This will be different in every home. A home’s savings will depend on the current source of heating fuel. If you heat with electric resistance, you can see savings as high as 70%. If you don’t heat with electric resistance, your electric bill will go up, but other heating fuel costs will go down. Overall, oil or propane users can see up to 40% net savings on their average yearly heating costs.

What do HSPF, COP, and SEER Mean?
HSPF = Heating Season Performance Factor. This is a measure of a heat pump's efficiency over an average heating season, using heating output in BTUs compared to electricity consumed in watt-hours.

SEER = Seasonal Energy Efficiency Ratio. This is a measure of a heat pump's efficiency over an average cooling season, using cooling output in BTUs compared to electricity consumed in watt-hours.

COP = Coefficient of Performance. This is the ratio of cooling or heating output to energy consumed at a specific temperature. This ratio converts both output and consumption to a common unit, making this different than HSPF or SEER which use a ratio of BTUs to watt-hours. The higher the COP, the better.

The higher the rating, the more efficient the unit.

Do heat pumps produce enough heat for an entire home or business?
Yes. All homes and businesses are capable of being heated and cooled entirely with heat pumps. There are a number of variables your local contractor will take into consideration to recommend the best heat pump option for your home or business. If you’re looking for a whole-home or whole-business heating solution, be sure to let your installer know.

What size heat pump do I need?
Heat pumps will typically be sized larger than standard air conditioners since homes in Michigan have more heating needs than cooling needs. Heat pump sizing varies by home based on square feet of the home, floorplan, insulation levels, air-tightness, etc. Talk to your contractor to make sure your heat pump is sized according to your heating and cooling needs.

Do heat pumps work in cold weather?
Yes. The high efficiency units that qualify for Energy Optimization program rebates work well in cold weather. Many cold climate ductless systems are designed to work down to -15 degrees Fahrenheit. Some ducted systems can work down to as low as 5 degrees Fahrenheit. Ground source heat pumps can be an effective solution at any temperature. Discuss options for models specifically designed to perform to low temperatures with your contractor.

Is there a temperature below which a conventional heating system is cheaper to run than a heat pump?
As outdoor temperatures get colder and colder, it gets increasingly difficult for a heat pump to absorb heat from the air and the efficiency of the system goes down. On the coldest of days it will typically be cheaper to run a conventional heating system. The exact transition temperature will depend on the heat pump model, electricity and backup fuel prices, and whether the heat pump is sized for heating.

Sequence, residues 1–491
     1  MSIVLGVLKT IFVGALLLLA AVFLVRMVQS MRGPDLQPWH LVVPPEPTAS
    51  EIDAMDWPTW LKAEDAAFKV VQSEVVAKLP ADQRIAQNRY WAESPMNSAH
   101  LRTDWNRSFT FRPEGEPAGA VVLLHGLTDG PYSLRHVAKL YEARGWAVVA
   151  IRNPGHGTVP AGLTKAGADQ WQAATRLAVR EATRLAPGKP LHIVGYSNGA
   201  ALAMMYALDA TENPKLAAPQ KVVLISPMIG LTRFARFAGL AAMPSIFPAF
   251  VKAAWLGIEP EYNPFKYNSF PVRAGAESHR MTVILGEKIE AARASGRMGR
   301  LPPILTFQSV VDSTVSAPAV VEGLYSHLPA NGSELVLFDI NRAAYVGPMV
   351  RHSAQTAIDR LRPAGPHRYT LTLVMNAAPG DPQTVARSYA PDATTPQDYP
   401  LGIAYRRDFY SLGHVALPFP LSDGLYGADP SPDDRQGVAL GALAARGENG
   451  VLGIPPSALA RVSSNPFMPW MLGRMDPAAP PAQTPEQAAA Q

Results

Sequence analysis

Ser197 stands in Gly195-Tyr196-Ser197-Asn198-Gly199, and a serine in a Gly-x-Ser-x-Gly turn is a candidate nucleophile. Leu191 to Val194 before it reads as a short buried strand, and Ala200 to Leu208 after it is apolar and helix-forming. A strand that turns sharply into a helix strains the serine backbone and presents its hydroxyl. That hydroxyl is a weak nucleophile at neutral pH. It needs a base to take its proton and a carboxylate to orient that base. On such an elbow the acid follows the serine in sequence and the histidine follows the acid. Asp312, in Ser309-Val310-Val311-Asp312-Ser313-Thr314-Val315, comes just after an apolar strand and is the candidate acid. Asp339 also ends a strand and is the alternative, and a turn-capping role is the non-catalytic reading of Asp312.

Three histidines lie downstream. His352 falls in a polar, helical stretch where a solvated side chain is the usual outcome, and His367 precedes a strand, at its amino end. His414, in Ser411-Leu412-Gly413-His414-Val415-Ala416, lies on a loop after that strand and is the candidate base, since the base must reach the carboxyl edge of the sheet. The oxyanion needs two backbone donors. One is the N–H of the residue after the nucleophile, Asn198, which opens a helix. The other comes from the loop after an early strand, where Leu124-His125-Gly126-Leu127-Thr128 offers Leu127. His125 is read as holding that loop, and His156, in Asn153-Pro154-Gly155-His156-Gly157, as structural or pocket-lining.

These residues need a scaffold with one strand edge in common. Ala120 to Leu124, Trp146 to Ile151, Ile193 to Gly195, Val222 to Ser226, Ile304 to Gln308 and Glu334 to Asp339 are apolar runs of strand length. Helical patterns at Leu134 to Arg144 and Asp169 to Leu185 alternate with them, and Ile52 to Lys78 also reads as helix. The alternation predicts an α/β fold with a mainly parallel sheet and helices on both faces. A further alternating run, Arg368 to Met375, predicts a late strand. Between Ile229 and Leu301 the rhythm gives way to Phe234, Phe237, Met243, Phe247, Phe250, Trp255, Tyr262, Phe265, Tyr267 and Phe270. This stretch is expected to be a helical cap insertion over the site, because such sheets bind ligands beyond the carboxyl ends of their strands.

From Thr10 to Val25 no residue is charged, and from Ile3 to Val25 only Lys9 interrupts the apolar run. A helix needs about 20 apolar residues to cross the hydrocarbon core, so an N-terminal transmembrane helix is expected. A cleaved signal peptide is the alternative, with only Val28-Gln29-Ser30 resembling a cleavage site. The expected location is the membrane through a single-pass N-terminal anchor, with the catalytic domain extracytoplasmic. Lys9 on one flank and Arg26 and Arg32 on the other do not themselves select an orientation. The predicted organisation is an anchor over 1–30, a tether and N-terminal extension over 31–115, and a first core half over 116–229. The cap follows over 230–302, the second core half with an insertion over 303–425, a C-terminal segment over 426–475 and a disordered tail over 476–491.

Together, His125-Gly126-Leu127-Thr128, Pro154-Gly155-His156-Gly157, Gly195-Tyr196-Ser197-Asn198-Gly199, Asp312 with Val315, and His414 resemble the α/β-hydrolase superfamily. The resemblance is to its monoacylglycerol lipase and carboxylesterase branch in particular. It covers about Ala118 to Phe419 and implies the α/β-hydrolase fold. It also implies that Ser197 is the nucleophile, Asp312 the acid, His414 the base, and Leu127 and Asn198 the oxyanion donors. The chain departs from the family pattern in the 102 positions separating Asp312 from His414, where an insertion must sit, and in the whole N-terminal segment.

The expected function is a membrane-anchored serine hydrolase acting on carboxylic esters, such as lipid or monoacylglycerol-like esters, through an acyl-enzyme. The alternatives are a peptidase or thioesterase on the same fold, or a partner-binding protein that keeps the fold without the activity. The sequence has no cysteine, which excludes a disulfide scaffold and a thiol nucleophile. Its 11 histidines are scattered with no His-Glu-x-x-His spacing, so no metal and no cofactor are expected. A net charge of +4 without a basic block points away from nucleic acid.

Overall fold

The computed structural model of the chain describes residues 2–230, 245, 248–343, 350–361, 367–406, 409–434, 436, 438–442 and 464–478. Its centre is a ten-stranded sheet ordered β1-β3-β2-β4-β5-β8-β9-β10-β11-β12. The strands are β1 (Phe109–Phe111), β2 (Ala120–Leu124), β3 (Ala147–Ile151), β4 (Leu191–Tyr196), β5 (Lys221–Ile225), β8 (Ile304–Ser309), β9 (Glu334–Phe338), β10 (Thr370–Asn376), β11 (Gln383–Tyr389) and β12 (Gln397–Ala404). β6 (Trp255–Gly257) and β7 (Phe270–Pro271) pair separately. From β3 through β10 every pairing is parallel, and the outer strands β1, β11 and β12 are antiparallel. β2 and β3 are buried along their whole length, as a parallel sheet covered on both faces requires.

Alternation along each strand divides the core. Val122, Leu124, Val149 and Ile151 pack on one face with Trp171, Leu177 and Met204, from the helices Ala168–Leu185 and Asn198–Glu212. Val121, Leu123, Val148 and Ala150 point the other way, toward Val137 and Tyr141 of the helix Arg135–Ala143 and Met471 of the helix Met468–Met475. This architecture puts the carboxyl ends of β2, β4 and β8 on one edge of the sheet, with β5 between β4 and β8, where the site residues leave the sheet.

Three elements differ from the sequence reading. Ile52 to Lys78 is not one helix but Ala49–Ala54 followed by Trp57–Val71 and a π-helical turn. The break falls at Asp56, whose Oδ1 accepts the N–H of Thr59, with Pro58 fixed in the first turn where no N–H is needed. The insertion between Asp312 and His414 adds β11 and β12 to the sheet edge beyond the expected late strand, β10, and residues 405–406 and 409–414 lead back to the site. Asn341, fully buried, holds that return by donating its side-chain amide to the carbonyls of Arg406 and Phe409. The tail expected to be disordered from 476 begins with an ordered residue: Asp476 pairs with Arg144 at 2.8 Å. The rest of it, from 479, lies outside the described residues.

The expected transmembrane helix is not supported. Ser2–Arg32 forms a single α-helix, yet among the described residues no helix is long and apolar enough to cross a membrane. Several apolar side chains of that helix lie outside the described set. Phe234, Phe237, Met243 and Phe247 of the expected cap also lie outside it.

Do I need to replace my current heating system if I want to use a heat pump?
No. Though high-efficiency heat pumps may be configured to work as the sole heating system, they are often used to supplement an existing system.

What else can heat pumps do beyond heating?
High-efficiency heat pumps perform the same functions as five different appliances: heaters, air conditioners, dehumidifiers, ceiling fans, and room air filter.

Do heat pumps bring in fresh air?
No. Heat pumps move heat, not air. If a fresh-air intake is something you are interested in, discuss options with your contractor.

What is the average life-span of a heat pump?
It can vary, depending on how much the system is used and how regularly it is checked or serviced. Generally, the average life-span of units is 15-20 years, but individual units may vary and last longer depending on the use and how well they are maintained.

How loud are heat pumps?
Most heat pumps run at approximately 45 decibels, equivalent to a person’s whisper. You will likely not notice your heat pump any more than you would your refrigerator when it cycles.

Why do some heat pump systems qualify for incentives and others do not?
High efficiency units have lower operating costs, provide better cooling and dehumidification and may provide more heat at lower temperatures. Be sure to tell your contractor how you would like to use these systems to ensure they are sized properly.

 

References
1. https://www.energy.gov/heating-cooling
    https://www.eia.gov/consumption/residential/reports/2009/state_briefs/pdf/MI.pdf

2. https://www.efficiencymaine.com/heat-pumps/